Illinois wants federal taxpayers to bail out their pensions because coronavirus

If you are familiar with any aspect of Illinois governance, and Chicago governance, then you know that the Democratic machine that has been running the state for the better part of a century has been raiding state and local pension systems for decades to finance all their politically-connected pork spending. Both Chicago and Illinois are functionally insolvent entities, and have been surviving by using dumbass junk bond investors in the municipal bond market to cash flow from year to year. This isn’t even a new development, coming from a year of profound economic stress. This is business as usual for them. Democratic leaders have done the same thing in California, New York, New Jersey, Connecticut, and Kentucky (this is part of the reason Kentucky swung to the far right in recent years, not just Trump).

But since Illinois is the original school for “never let a good crisis go to waste,” policymakers there have – without shame – demanded a multi-billion dollar bailout for their state and local pension systems get rolled up into future federal assistance for the coronavirus:

Democratic Illinois Senate President Don Harmon is asking federal lawmakers to provide more than $41 billion to the state as part of the next coronavirus relief package, including $10 billion to stabilize a massively underfunded pension system.

“I realize I’ve asked for a lot, but this is an unprecedented situation, and we face the reality that there likely will be additional, unanticipated costs that could result in future requests for assistance,” Harmon wrote in a Tuesday letter to members of the state’s congressional delegation…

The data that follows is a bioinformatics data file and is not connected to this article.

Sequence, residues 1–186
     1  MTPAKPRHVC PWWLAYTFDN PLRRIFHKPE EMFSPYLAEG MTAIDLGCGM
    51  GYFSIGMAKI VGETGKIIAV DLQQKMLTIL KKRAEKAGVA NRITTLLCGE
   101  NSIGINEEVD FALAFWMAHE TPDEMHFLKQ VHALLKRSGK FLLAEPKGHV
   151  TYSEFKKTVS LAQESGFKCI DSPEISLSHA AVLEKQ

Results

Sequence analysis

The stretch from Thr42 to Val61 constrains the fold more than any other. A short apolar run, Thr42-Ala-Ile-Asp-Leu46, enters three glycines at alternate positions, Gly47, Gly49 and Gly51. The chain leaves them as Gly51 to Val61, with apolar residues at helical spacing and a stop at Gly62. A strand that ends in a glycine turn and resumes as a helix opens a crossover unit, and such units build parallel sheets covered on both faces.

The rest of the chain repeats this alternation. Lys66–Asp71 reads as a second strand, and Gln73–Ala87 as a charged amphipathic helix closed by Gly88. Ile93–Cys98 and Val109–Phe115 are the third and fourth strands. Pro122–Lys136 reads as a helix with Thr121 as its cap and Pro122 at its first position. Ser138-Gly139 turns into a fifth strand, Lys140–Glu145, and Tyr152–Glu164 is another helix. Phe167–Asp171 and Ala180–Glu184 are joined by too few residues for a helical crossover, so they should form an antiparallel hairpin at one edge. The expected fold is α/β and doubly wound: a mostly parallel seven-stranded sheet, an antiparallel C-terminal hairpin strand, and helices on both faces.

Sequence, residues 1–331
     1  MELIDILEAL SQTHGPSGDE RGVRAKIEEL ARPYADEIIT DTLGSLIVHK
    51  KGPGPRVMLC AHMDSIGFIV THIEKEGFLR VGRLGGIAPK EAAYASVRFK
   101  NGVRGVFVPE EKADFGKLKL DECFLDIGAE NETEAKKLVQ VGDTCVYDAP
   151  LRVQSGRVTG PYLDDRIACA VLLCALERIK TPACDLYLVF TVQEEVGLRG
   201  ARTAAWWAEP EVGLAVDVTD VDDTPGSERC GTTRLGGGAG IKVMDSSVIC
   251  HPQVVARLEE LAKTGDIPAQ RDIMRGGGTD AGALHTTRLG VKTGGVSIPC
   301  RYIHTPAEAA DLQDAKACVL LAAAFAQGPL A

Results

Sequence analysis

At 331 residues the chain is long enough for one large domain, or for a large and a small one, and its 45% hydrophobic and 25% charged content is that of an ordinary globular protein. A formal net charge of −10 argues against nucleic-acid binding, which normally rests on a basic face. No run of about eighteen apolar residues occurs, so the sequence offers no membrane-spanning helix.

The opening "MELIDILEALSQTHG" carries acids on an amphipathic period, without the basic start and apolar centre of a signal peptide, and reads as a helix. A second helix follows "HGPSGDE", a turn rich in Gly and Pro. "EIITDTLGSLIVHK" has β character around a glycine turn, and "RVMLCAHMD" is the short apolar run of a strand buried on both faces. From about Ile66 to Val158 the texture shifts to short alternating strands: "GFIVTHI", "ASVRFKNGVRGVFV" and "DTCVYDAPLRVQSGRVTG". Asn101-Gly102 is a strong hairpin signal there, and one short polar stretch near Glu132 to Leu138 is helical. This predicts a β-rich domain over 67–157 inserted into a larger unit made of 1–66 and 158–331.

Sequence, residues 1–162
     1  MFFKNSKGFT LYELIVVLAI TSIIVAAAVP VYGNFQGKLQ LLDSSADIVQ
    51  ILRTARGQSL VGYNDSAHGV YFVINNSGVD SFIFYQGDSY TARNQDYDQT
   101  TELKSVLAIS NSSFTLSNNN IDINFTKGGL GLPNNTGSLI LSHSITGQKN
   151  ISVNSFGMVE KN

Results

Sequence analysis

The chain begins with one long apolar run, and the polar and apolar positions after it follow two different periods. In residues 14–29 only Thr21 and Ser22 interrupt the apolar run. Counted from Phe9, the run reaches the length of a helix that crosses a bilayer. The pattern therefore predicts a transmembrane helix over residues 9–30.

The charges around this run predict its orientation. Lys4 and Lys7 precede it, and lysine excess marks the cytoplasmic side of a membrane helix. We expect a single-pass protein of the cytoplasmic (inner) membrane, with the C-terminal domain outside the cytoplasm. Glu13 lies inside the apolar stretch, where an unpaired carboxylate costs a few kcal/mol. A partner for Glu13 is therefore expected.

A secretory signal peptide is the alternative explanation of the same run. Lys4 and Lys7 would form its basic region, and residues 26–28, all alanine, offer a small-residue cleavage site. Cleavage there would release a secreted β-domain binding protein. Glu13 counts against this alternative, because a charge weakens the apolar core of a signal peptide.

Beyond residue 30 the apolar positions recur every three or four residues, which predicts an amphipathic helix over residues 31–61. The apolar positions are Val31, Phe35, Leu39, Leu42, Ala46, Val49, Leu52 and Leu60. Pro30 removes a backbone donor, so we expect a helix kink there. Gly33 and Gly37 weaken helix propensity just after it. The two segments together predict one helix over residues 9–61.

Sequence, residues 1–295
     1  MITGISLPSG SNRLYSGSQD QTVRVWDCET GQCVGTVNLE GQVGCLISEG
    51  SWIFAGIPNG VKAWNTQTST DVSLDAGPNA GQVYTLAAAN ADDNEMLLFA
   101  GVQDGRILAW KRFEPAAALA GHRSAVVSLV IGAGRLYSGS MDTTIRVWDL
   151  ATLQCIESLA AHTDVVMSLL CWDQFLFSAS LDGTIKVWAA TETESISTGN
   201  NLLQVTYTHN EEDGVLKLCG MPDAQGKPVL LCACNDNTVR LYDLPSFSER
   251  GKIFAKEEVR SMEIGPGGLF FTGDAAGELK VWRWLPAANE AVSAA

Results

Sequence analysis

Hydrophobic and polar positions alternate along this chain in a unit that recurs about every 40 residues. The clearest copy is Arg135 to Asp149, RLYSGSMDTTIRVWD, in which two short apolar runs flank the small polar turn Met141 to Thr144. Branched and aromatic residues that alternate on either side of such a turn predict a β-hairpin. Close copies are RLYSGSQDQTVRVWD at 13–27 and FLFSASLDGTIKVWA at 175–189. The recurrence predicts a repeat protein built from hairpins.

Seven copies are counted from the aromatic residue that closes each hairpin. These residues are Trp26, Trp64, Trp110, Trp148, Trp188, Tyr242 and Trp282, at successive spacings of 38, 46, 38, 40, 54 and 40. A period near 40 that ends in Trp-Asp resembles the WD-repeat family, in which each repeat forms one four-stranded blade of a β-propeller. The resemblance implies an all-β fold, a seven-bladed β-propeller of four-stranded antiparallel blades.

Harmon’s request of more than $41.6 billion in direct federal assistance is roughly the equivalent of the $42 billion budget Pritzker proposed in February, prior to the effects of the pandemic on Illinois and the nation.

Noting the state’s long-running public employee pension debt of $138 billion, Harmon asked for $10 billion in direct pension relief. With pension funding taking up about 25 cents of every state tax dollar, Harmon said “in a normal year the size of those payments crowds out funding for services and programs.”

“Clearly, this will not be a normal year and that crowding out effect will be exacerbated by significant revenue losses,” said Harmon, who asked in his letter for either “direct cash assistance” or a “low interest federal loan.”

Harmon also wants $9.6 billion in direct federal aid to cities and villages, to be distributed by population, to boost local public employee pension systems. Harmon said his request was backed by the Illinois Municipal League and called the funding “critical in aiding municipal governments provide for the safety and well-being of the constituents and employees they serve.”

In addition, Harmon asked for $15 billion in federal block grant funding to help plug in budget gaps over three years, particularly to assist human service providers.

The new Senate president, who took on the role in January after Sen. John Cullerton’s retirement, also requested $6 billion to buttress the state’s unemployment insurance trust fund at a time it is seeing record claims.

I’ve said this before, but the aspect of the blue state – red state war on reopening the economy that no one is talking about (yet!) is that blue states across the country were operating with massive structural deficits before this happened because they are constantly blowing their taxpayer money on stupid stuff. The longer they continue to nuke their tax base, the more they are going to come to the feds (translation: your future earnings) for to replace it. That means if you live in a fiscally conservative state that got back to work early, there’s a nonzero chance you are working hard to bankroll their bullshit.

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